Biomarker Testing for NSCLC Shows Wide Variability

Biomarker Testing for NSCLC Shows Wide Variability

A new study from the Netherlands shows that biomarker testing to predict treatment response and disease progression in non-small cell lung cancer (NSCLC) varied widely in both cost and the tests ordered. Analyzing variations in biomarker testing in patients with NSCLC, researchers discovered how it was delivered in a real-world setting in a single patient cohort. Their analysis includes a comprehensive view of molecular and genetic test results, the techniques used, costs, and turnaround time.

“While there is a lot of interest in the use of real-world data to analyze treatment variation and outcomes, this study demonstrates the importance of identifying variation in the use of molecular tests as the gateway to most cancer treatments,” explains lead investigator Professor Maarten IJzerman, University of Twente, Enschede, the Netherlands; and the University of Melbourne Centre for Cancer Research in Melbourne, Australia.

The continued introduction of biomarkers and innovative testing methods—like whole-genome sequencing and the evaluation of circulating tumor DNA using liquid biopsies—makes complex diagnosis in patients with stage IV NSCLC likely to be even more complex.

In this analysis, biomarker testing records of 102 stage IV NSCLC patients were reviewed for differences in the types of tests ordered, when, and how timely results were provided.

The range of testing—and their timing and costs—varied substantially. Ninety-nine unique biomarker-test combinations were found in 102 patients; almost none underwent the same tests in the same order. Targeted gene panels for EGFR, ALK, BRAF V600E, and ROS1 to predict response to treatment were most frequently conducted. Next was IHC analysis for programmed cell death protein ligand 1 (PD-L1) to predict response to immunotherapy.

Typically, the most common biomarkers were assessed within the first tests, and emerging biomarkers were tested further down the test sequence. The number of tests per patient also showed substantial variation. Tests were completed at different times in each patient, and in most patients more than one test was completed.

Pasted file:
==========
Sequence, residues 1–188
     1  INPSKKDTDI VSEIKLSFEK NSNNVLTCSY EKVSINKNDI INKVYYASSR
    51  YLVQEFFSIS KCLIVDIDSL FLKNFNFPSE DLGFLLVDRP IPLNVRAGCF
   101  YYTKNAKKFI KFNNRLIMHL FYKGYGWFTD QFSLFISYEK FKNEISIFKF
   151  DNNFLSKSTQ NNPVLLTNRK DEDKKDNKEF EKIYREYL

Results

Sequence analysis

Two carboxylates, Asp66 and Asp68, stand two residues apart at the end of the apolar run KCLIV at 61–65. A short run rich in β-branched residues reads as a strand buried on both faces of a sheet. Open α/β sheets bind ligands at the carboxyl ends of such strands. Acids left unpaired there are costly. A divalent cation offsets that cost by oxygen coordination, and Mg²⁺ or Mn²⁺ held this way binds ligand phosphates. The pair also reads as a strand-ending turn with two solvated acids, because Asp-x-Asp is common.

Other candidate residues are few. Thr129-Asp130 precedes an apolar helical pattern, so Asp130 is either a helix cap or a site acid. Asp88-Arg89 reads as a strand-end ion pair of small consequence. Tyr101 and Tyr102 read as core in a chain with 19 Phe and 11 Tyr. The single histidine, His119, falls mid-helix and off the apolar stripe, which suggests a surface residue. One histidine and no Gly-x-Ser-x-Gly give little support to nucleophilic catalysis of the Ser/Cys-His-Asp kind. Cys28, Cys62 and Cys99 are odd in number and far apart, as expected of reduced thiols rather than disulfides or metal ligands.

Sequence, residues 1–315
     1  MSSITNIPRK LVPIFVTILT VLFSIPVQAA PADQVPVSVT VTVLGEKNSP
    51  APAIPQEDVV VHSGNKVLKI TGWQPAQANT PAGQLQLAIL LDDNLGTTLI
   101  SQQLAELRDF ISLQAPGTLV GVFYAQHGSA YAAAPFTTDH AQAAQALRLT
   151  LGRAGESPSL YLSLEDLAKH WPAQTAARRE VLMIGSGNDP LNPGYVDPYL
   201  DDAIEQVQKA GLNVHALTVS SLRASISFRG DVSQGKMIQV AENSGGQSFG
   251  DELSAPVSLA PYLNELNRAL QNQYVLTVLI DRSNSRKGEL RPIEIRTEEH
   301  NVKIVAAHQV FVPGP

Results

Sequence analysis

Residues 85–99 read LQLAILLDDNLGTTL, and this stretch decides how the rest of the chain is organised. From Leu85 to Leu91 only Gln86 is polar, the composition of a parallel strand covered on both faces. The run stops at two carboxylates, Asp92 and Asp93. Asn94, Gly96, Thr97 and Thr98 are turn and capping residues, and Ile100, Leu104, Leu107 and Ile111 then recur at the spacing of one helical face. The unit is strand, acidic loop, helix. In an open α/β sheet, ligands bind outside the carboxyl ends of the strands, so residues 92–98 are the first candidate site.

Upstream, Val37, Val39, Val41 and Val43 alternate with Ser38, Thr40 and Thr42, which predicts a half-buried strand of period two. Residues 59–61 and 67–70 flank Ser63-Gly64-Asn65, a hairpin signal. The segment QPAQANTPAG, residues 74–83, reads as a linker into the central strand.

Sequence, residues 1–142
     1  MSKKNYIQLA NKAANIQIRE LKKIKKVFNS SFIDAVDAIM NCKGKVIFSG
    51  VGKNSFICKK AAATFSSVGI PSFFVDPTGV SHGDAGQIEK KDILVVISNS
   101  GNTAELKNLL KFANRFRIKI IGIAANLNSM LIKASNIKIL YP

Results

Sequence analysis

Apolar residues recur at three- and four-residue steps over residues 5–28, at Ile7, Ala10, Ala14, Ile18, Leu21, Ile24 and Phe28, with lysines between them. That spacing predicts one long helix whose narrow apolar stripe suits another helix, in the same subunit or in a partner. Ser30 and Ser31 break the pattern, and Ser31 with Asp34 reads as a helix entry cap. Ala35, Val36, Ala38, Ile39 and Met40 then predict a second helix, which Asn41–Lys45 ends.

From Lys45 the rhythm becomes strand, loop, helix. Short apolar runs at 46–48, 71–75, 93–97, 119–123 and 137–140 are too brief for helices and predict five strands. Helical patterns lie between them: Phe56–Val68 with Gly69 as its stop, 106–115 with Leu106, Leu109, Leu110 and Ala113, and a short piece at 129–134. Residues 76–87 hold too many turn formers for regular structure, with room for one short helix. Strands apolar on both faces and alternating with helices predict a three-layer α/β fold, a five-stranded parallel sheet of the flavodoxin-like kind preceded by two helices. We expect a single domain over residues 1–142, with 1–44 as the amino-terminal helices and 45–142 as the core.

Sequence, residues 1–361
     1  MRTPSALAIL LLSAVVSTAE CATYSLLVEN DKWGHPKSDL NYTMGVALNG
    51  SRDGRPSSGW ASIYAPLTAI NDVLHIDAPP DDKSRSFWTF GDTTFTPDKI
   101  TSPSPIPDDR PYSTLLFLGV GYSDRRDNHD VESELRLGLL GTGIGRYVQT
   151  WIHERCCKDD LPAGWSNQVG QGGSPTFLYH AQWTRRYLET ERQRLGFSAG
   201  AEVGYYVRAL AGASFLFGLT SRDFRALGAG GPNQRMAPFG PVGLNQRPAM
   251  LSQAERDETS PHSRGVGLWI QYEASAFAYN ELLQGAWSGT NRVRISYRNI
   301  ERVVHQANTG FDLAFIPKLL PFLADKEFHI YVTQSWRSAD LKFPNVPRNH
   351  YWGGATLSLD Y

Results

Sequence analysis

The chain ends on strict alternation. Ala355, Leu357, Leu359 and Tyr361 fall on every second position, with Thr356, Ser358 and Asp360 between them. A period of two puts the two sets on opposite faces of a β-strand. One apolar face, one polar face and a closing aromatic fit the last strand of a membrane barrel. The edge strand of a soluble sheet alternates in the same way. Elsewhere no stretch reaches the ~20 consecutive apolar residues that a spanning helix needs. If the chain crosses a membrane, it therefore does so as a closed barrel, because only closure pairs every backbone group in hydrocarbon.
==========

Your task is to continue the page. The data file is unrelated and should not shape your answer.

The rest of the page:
The mean cost per patient of biomarker testing was $2,258.52. At the cost of current biomarker testing, the authors found that replacing current testing with whole-genome sequencing would have led to cost-savings in only two patients (2%).

For response prediction and for selecting the optimal treatment, biomarker testing needs to be completed before treatment initiation. Given the sequential nature of biomarker testing, whether additional tests are conducted is partly dependent on the results of previous tests. As a result, the turnaround time of biomarker testing directly influences the time at which a patient can be started on treatment.

This study revealed that multiple biomarker tests for NSCLC can result in unnecessary delays in treatment. The substantial variation of biomarker tests in patients suggests the possibility of inequities in access to the tests and subsequently in access to targeted therapy or immunotherapy.  For example, multiple biomarker tests, such as targeted gene panels and IHC analysis, can result in unnecessary delays if there is an unplanned cascade of tests along the pathway.

While next-generation sequencing, and particularly WGS, can increase efficiency by substituting all other tests used for biomarker testing, WGS is more expensive compared to other biomarker tests. But, the downstream value that more comprehensive molecular diagnostics provides by improving the treatment decision is potentially much higher than a reduction in the costs of testing.

“Perhaps the value of WGS should be seen in light of the reduction in the complexity of the diagnostic pathway, as it is unlikely that the cost of WGS will be competitive,” the authors write. “The value of reducing the complexity of the diagnostic pathway is an aspect of the value that WGS may provide but has not yet been explored in detail. It could be an exciting avenue for future research.”